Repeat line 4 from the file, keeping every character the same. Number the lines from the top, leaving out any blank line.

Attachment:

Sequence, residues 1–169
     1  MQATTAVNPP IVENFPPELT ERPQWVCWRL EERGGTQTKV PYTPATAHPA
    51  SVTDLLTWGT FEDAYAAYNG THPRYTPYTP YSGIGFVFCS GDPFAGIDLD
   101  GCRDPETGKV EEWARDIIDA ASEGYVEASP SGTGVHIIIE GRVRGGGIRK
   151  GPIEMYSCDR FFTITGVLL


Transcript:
   101  GCRDPETGKV EEWARDIIDA ASEGYVEASP SGTGVHIIIE GRVRGGGIRK